A Comprehensive Guide To Effective Flea & Tick Control For Memphis Property Owners
September 15, 2020
Fleas & ticks are some of the quietest pests you can get, but once they’ve found a host, they can wreak havoc on the health of your Memphis household and family. If you’re finding suspicious bug bites on yourself, your family, or your pets, don’t risk letting the issue resolve itself. Let’s see if you’ve got fleas or ticks in the house.
Common Memphis Fleas & Ticks
There are several different species of ticks in Memphis, and each one looks slightly different and can transmit different diseases. Ticks are hard to identify because most only grow to between 1-2 mm in length, but knowing which species you’re dealing with helps inform you about the pest’s behavior and the threat to your home.
On top of their small size, all ticks have flat, teardrop-shaped bodies, eight spiny legs, and small oval-shaped heads. The most common type of tick in Memphis is the American dog tick, which has a paler brown body, relatively high mobility, and will readily use both humans and pets as hosts.
Other tick species are less common, but still pose big threats to your household. Brown dog ticks are very specific to dogs, and unlike other species, they will sometimes leave their host and nest in cracks and crevices around the house. Deer ticks are perhaps the most dangerous tick species, though they are usually encountered in the woods and rarely make their way to manicured yards. Deer ticks are serious because they can spread Lyme disease.
All ticks are arachnids, related to spiders and scorpions. Ticks don’t latch onto their host forever, they only feed for a few days. Fleas, by contrast, are parasites that live indefinitely on their hosts. They grow anywhere between 1-10mm, have six spiny legs, and hard, bristly bodies.
Though fleas and ticks are different types of pests, they are both hard to see, and both cause similar problems.
Diseases Associated with Fleas & Ticks
All fleas and ticks pose concerns to the health of your household. The first possible sign of a flea- or tick-borne disease is a bite. These pests bite their hosts because they feed on animal and human blood. As they feed, they tend to get plumper and more darkish-red.
Unlike other pests, ticks tend to stay on their hosts and feed over multiple days, so you may even see a tick somewhere on your skin. If you don’t see the tick, you’ll probably see the resulting bite – usually in a warm, moist place on the body, like hair or armpits. These tick bites are small, red, and sometimes asymptomatic, but they can be itchy, painful, burning, blistering, or even cause difficulty breathing, depending on your sensitivity.
Fleas, by contrast, live in the skin and hair of their hosts. They usually inhabit the fur of animals, though they occasionally leave their host’s domain to feed on another animal.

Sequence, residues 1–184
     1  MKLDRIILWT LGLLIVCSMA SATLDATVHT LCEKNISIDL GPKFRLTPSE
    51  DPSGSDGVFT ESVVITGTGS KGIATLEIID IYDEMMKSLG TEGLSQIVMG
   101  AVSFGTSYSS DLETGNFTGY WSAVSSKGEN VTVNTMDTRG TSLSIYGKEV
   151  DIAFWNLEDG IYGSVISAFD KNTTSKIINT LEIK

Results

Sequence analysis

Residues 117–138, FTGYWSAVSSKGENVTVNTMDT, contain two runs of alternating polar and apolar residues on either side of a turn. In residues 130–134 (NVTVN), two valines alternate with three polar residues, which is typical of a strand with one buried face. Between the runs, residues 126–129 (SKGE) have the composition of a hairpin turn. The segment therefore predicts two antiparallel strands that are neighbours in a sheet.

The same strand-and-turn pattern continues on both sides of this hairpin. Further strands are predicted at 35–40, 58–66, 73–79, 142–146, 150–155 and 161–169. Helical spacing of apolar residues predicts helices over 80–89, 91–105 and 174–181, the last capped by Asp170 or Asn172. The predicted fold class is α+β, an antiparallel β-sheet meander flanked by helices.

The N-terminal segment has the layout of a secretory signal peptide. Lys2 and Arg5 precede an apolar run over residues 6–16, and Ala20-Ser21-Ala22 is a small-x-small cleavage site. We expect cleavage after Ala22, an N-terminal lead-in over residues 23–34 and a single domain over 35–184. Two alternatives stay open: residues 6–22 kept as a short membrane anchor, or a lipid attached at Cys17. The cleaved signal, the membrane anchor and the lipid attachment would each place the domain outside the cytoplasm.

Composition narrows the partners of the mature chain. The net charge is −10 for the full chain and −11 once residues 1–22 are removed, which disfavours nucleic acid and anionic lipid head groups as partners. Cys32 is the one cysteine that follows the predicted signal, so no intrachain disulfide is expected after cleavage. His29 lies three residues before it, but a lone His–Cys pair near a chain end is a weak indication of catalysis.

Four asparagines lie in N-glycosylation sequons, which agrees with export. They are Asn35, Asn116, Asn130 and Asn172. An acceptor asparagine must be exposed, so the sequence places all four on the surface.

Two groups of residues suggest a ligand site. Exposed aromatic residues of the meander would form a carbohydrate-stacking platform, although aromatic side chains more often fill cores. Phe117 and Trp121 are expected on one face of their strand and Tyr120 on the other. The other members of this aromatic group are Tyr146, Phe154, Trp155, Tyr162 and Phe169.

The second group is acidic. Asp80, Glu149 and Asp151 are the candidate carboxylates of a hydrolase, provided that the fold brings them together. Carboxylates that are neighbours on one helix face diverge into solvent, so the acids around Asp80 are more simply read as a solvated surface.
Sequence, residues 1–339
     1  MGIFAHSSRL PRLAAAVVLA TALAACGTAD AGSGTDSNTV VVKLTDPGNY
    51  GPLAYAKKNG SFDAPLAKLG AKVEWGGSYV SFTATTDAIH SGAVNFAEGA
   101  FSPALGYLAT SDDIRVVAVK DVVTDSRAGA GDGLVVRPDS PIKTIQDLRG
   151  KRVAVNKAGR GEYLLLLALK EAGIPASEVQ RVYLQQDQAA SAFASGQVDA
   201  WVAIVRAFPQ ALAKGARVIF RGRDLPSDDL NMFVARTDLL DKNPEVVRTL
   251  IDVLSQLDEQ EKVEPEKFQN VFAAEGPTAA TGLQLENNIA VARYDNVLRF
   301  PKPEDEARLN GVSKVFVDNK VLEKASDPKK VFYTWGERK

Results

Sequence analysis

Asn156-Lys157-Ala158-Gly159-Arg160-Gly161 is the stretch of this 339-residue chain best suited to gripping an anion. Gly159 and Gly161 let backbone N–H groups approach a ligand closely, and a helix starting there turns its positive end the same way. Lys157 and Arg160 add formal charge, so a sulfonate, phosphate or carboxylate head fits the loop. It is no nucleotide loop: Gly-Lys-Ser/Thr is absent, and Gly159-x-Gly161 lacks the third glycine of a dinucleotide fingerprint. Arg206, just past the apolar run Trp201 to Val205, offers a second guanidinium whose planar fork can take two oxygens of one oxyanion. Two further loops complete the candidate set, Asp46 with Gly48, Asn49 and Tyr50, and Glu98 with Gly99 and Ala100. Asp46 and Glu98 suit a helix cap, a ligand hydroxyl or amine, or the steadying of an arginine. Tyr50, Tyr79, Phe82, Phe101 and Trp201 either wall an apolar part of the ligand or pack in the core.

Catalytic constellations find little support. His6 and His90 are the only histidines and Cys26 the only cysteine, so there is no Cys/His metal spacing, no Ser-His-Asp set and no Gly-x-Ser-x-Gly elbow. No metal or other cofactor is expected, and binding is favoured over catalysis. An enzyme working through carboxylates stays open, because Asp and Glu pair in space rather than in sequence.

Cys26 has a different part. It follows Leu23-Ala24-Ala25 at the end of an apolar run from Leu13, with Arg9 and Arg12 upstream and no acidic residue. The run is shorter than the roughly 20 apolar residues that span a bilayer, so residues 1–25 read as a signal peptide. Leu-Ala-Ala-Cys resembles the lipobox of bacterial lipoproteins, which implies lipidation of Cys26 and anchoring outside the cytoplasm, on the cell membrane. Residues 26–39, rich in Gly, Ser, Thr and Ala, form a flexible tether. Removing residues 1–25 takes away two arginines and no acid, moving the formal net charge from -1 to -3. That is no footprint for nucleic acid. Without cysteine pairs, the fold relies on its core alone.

Not all bites result in diseases, but you might not know you have an infection until you see a bite and see a medical professional. The most common tick disease is Lyme disease, in which the tick bite can grow into a large “bulls-eye” shape and cause fatigue, muscle aches, and potentially arthritis or other chronic illnesses. Depending on the species, tick bites can also cause Rocky Mountain spotted fever, tularemia, anaplasmosis, the Heartland virus.
Fleas, by contrast, are responsible for transmitting the black plague, and can also transmit typhus.
Flea & Tick Prevention Tips
If you see the signs of a flea or tick bite, it may be wise to seek medical help. The best way to ward off these infections is to prevent fleas and ticks from happening at all.
Consider the following to keep your pets and family safe:
- Avoid tall grasses and wooded, brushy areas. Ticks will “quest” for a host in these areas and latch onto you in these habitats, then get to feasting right away.
- If you can’t avoid these kinds of areas, spray your clothing with permethrin. This helps keep ticks from attaching to your skin, though you should only treat your clothes with it – and certainly not your pets.
- Clean up brush, leaves, and woodpiles, and cut tall grasses around the yard. If your lawn is habitable for ticks, they’re sure to find their way onto your clothes. This also ensures that common wildlife hosts, such as rodents, stay away from your family, keeping their ticks away as well.
- Check your clothing and pets for ticks when you come indoors, and be sure to shower right away. Ticks can commonly be found in your hair, under your armpits, around the waist, and behind your knees.
Finally, try to deter wildlife around your property, as wildlife can carry fleas and sometimes ticks, Keep your trash secure and remove standing water from around your property so that wild animals and rodents are not attracted to your property and don’t transmit these pests to your pets.
If you find yourself dealing with tick bites, see ticks around the house or lawn, or are worried you have a tick bite, get rid of these problem pests for good with Memphis’ Mid-South Pest and Termite. Reach out today!